Date of Award


Degree Type


Degree Name

Doctor of Philosophy (PhD)


Applied Linguistics and English as a Second Language

First Advisor

Gayle Nelson

Second Advisor

Eric Friginal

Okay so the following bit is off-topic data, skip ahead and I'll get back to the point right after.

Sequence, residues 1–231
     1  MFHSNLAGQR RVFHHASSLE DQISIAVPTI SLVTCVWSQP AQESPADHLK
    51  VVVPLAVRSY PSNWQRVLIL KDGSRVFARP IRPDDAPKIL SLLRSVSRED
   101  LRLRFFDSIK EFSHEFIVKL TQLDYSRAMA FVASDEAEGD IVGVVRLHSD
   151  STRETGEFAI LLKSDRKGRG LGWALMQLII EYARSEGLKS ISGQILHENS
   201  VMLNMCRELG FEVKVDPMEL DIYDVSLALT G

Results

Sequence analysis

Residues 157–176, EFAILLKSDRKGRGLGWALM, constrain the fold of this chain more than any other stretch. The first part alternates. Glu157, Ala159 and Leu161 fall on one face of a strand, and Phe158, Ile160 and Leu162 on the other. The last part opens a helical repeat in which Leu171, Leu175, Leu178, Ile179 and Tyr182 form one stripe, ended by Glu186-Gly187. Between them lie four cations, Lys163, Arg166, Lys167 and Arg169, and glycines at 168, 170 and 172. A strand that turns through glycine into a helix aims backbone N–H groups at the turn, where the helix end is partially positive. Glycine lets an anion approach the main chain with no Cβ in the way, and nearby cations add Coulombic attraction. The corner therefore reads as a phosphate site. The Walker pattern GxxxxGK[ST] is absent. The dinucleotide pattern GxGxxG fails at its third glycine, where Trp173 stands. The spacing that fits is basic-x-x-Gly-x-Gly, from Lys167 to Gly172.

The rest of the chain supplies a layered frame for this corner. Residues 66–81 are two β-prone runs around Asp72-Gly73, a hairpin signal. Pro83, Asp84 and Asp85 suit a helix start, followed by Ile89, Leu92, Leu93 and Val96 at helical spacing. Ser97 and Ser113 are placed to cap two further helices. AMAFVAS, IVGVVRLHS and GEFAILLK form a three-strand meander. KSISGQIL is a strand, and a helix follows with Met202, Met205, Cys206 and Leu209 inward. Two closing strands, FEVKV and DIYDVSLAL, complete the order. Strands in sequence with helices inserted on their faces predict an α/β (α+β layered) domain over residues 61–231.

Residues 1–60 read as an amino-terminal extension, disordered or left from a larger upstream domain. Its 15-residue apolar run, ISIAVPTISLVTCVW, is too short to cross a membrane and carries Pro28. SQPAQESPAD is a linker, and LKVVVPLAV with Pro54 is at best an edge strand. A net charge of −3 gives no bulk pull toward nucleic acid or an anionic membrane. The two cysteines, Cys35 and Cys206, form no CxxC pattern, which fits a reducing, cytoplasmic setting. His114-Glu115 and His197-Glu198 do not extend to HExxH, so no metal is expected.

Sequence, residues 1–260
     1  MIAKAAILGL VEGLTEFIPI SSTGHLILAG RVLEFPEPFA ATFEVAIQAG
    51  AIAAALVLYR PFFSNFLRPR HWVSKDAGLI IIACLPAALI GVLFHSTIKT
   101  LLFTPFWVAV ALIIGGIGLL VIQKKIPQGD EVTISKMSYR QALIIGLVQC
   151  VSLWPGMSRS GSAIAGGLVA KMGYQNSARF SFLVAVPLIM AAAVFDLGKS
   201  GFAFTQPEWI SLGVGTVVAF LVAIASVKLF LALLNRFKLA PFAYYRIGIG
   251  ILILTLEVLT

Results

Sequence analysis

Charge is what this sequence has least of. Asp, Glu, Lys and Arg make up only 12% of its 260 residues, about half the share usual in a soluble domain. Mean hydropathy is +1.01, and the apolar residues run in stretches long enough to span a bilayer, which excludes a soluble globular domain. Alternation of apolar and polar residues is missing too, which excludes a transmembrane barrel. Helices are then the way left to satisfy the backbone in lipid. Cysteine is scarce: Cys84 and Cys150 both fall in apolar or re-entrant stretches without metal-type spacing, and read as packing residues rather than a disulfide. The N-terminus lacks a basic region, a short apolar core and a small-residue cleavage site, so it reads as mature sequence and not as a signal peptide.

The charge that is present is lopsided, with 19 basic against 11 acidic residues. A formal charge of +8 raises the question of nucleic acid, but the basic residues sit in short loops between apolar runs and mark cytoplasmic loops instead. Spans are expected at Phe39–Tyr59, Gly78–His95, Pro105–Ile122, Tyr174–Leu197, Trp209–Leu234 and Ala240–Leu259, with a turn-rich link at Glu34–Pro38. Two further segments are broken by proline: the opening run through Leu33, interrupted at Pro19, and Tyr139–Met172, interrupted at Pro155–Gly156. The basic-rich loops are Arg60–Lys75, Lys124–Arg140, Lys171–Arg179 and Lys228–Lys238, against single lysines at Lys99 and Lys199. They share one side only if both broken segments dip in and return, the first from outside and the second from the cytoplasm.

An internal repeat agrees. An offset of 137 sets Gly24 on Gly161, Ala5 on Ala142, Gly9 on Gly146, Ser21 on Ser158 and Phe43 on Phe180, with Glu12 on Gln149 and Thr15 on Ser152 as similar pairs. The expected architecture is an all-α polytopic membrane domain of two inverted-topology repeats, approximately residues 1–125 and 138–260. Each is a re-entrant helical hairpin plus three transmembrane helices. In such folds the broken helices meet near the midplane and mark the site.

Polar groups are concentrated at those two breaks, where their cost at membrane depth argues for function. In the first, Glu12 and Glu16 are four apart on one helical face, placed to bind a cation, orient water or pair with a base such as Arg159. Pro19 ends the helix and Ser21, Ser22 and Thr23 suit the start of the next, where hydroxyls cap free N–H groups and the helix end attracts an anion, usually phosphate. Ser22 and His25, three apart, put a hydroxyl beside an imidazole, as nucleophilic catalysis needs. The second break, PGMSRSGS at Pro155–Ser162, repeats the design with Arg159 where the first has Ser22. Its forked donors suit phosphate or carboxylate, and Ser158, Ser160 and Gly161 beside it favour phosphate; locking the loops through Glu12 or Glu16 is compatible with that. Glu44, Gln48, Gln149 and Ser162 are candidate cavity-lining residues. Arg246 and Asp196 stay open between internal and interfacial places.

The purpose of this study is to investigate how Somali refugee women experience language and literacy in their community of Clarkston, Georgia, and to identify their funds of knowledge (Gonzales, Moll, & Amanti, 2005), or unseen practices. The aim of this investigation is to strengthen and challenge their current modes of language socialization and to combat negative discourses that represent them as ‘vulnerable victims and cunning crooks’ (Horst, 2006). Clarkston, Georgia was chosen by private resettlement agencies as a refugee resettlement site in the early 1990s. In Clarkston, although there are several refugee serving agencies that focus on refugee education and integration, many Somali refugee women are still facing obstacles during the process of language socialization. In order to investigate the language socialization of Somali refugee women, a holistic case study was conducted. Participants included five Somali refugee women who were affiliated with one specific community of practice, a Somali-ethnic based community organization for refugees. Data collection involved my participant observation and field notes, interviews with the participants, and photographic documentation of the linguistic landscape (Landry & Bourhis, 1997) in Clarkston. Findings reveal the diverse language and literacy practices and language socialization pathways among participants, and shed light on some of the barriers to language socialization, including gender-based ideologies and textually-mediated social interactions, as well as some of the successful strategies they have used. In addition, the case of one exceptional Somali refugee woman, Mama Rita, presents funds of knowledge that may help enhance the language socialization of Somali refugee women and help to understand citizenship as practice rather than status.